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India-US Space Cooperation - Fact Sheet

March 02, 2006

Civil Space cooperation between India and US is a significant aspect of the emerging high technology and strategic cooperation between the two countries. This is one of the areas identified under the now completed Next Steps in Strategic Partnership (NSSP) and has advanced through discussions within the ambit of the India-US High Technology Cooperation Group and the India-US Space Conference in June 2004 in Bangalore. With a view to expand further the scope of cooperation, a Joint Working Group (JWG) on Civil Space Cooperation has been established and it held its first meeting at Bangalore in June 2005. The next meeting of the JWG is expected later this year. The JWG serves as a permanent platform for joint review and formulation of policy, for monitoring and review of joint programmes and to create, establish and modify mechanisms for smooth collaboration in the field of civil space cooperation between both the countries.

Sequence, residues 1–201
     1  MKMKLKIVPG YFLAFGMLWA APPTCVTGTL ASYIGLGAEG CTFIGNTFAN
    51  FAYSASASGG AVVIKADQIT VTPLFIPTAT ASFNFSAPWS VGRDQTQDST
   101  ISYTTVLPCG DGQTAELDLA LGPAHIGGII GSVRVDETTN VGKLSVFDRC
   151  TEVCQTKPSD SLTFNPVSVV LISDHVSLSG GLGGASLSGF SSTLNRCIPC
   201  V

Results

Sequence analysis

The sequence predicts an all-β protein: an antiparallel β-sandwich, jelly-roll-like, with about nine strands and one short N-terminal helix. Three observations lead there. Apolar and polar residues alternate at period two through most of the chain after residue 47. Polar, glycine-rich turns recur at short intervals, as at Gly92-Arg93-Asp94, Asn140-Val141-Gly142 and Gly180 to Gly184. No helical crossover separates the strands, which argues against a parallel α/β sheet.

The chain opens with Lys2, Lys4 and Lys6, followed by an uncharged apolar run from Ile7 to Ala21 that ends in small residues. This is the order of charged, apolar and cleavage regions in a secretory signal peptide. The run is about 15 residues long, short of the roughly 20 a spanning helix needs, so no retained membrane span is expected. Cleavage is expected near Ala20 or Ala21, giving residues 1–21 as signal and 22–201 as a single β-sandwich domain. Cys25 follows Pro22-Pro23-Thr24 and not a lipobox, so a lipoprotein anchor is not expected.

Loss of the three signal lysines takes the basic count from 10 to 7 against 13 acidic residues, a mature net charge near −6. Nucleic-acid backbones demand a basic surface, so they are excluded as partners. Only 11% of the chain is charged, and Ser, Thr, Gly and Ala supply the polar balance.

In an important step forward and one that opens up a wide array of opportunities on both sides for cooperation in outer space exploration, US has authorized its entities for export of two US scientific instruments enabling their inclusion in the first Indian instrumented lunar mission Chandrayaan-1. These two US instruments are - (1) Miniature Synthetic Aperture Radar to map the polar landscape and deposits of water ice in these cold traps up to a depth of a few metres and (2) a Moon Mineralogy Mapper (M3) to assess the mineral resources of the Moon and to characterise and map the composition of the surface at high spatial resolution. These NASA funded instruments were selected from 16 firm proposals from all over the globe received by ISRO against its announcement of opportunity and are expected to contribute to the advancement of scientific knowledge about the moon. Towards this end, ISRO and NASA have formulated two MoUs which define the scope of the experiments and sharing of responsibilities and data.

Further, to facilitate the launching of US licensed satellites and also foreign satellites carrying US controlled items, as envisaged under the NSSP, a Technology Safeguard Agreement has now been mutually agreed to safeguard protected technologies of the either side associated with such a mission.

The two sides continue to explore the possibilities of cooperation in earth observation, satellite navigation and its application, space science, natural hazards research and disaster management support, and space education

New Delhi
March 02,2006

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